April 11, 2011
Still a Nestling
By Maura Keller
For The Record
Vol. 23 No. 7 P. 20
As mHealth technology matures, concerns surrounding regulation, interoperability, and security will need a resolution.
Never underestimate the power of staying connected. The new generation of mobile health (mHealth) technology solutions allows patients and health professionals to communicate with each other in ways never before imagined. By combining the best features of voice and data communications, it’s possible to access clinical and community health data, monitor real-time vital signs, and even perform elements of direct care. Toss in the use of Internet-enabled cell phones by medical professionals in developing countries and you’ve got an mHealth technology industry that’s increasing access to healthcare and health information in myriad ways.
At Its Core
According to Hussam Mahgoub, senior vice president of corporate development and research at Diversinet Corp, the 2009 market for mobile medical applications was worth about $41 million, or approximately 1.5% of the total mobile app market. 2010 revenues are estimated to have more than doubled to $84.1 million, according to Kalorama Information.
“Smartphones and other mobile devices are becoming increasingly popular among physicians,” Mahgoub says. “Manhattan Research, in its annual ‘Taking the Pulse’ study of physicians and healthcare technology, reported in April 2010 that 72% of physicians use smartphones and projected that percentage will increase to 81% by next year.”
Among consumers, mobile phones have become the primary means of communication. Ninety percent of Americans have a mobile phone, according to the 2010 CTIA Semi-Annual Wireless Industry Survey.
And in a recent report by the MIT Enterprise Forum Northwest, nearly 56% of baby boomers “show a willingness to use in-home monitoring devices in tandem with the care of their primary physician.” These boomers “view tech-enabled health products as a way to foster control and ongoing independence for themselves.”
Despite those numbers, David Aylward, executive director of the mHealth Alliance, says mHealth technology is still in its infancy.
“We are right at the beginning of the market, so I don’t think it [mHealth] is having much impact now,” he says. “Everyone is carrying a cell phone in the U.S. and all over the world, but it has yet to really impact beyond voice communications. The real issue is determining what is the vision, what are the possibilities, and what are the challenges as it relates to mHealth technology.”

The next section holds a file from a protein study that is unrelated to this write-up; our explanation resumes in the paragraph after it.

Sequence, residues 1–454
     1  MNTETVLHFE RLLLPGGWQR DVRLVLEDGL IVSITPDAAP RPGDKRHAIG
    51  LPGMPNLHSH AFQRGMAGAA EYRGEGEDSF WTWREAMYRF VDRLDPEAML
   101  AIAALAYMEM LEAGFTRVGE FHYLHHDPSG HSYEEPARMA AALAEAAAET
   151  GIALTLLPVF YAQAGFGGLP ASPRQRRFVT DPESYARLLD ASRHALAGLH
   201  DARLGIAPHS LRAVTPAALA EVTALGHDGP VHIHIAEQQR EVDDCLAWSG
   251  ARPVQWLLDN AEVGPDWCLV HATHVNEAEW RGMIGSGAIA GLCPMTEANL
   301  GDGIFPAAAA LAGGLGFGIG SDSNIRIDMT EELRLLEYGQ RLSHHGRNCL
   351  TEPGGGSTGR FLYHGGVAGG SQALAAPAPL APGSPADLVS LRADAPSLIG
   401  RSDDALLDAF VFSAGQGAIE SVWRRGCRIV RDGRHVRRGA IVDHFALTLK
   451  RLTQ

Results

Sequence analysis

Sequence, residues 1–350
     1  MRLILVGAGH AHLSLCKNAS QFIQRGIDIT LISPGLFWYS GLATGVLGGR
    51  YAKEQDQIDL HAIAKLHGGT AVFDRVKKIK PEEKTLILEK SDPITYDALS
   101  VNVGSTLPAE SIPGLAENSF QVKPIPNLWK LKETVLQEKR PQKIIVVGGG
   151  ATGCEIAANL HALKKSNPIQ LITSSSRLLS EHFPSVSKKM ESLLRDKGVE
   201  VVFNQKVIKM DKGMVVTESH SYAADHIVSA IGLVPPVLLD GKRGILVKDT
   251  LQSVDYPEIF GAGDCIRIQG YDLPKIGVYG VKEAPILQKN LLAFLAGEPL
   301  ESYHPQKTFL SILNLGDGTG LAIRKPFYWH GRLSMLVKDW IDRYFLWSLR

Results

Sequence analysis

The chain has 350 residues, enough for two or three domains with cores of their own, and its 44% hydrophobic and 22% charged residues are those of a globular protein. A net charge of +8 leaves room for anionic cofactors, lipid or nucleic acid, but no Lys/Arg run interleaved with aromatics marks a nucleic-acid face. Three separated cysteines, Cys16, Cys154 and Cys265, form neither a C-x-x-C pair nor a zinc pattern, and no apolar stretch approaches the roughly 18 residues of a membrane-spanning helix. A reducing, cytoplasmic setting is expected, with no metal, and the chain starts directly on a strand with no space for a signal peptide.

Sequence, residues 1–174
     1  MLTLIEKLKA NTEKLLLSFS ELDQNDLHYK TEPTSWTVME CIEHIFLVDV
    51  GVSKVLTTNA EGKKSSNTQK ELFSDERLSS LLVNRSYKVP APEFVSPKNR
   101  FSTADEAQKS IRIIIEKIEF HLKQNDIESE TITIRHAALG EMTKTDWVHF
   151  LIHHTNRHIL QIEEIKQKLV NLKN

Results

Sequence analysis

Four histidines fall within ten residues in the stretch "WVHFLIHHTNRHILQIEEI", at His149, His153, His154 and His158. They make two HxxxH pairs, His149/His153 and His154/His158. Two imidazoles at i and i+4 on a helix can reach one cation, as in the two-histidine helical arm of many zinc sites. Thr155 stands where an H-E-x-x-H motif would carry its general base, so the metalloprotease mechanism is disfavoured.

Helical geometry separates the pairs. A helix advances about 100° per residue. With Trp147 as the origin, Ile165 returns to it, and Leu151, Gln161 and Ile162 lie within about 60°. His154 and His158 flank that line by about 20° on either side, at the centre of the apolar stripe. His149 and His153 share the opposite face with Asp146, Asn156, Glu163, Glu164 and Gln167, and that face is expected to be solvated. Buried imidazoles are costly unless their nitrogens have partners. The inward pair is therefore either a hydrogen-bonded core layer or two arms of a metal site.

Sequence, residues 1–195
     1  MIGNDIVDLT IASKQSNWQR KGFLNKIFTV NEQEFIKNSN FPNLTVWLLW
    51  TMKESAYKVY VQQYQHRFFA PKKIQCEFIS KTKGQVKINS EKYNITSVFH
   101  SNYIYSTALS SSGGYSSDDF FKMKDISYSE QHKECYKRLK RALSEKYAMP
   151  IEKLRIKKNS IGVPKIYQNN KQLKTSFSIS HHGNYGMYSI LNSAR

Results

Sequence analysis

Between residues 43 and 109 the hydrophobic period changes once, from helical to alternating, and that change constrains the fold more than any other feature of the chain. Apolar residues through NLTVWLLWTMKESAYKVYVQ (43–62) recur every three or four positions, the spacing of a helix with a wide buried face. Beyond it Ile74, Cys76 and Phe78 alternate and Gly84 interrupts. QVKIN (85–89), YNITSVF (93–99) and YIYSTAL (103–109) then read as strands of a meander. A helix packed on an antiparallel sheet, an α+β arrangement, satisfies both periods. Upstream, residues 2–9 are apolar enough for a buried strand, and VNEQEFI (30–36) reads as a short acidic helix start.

According to Aylward, the developed world operates a centralized system in which consumers travel to facilities.
“In the developing world, where I focus, there are a lot fewer places to go [for care], so people who are trying to find high-quality ways of delivering healthcare are looking at the delivery system that wireless represents,” he says. “If you completely turn around the current paradigm of going to someone for healthcare and instead have distributed health to where you are, not where they are, the only way to do that is with modern communications.”
At its most fundamental level, mHealth technology takes medical professionals per se out of the equation—at least to a small degree.
“Let’s say I am a diabetic. There are a set of devices that exist today where, sitting in the comfort of my home, I can take my blood pressure and check my insulin level,” Aylward says. “I can communicate those measurements through my Bluetooth in my phone or through my wireless system into my EHR. Specified software will read those results and say, ‘Oops, there’s a problem here. These numbers are out of whack.’ Then a message is sent to whoever has been designated, saying, ‘David is not eating properly.’ In turn, I get a call from my wife or my doctor who says, ‘What’s going on? … What are you eating on this trip?’”
Aylward points out that such an alert is not human generated. Rather, it’s a machine reading the results of an insulin test and comparing it with a patient’s health record.
“That’s really different than me showing up at my doctor’s office saying, ‘You know, three weeks ago, I felt terrible.’ And the doctor asks, ‘What did you eat?’ ‘Well, I don’t really remember,’” Aylward says. “The absence of a human being means that you can deliver a diagnosis and guidance, and the doctor is reserved for the exceptional cases. That’s radically different than today where the doctor is the first person you see.”
Much of the interest in mHealth technology thus far has focused on chronic illnesses (heart disease, diabetes, etc), where patients must be monitored and treated over time, and in the wellness arena, where the focus is on behavior change and modification. As a result, the market has been inundated with apps designed around these functions. Aylward views these apps as superfluous.
“People go out and write a lot of medical apps, but frankly I think that is irrelevant,” he says. “What is relevant is connecting that device to a health system. It may be useful to track my weight on my phone, but what is much more useful is linking what is on my phone to my health system so that my doctors can track and share information over time. What is relevant is a health record that is mine, that is connected to me and to my medical providers.”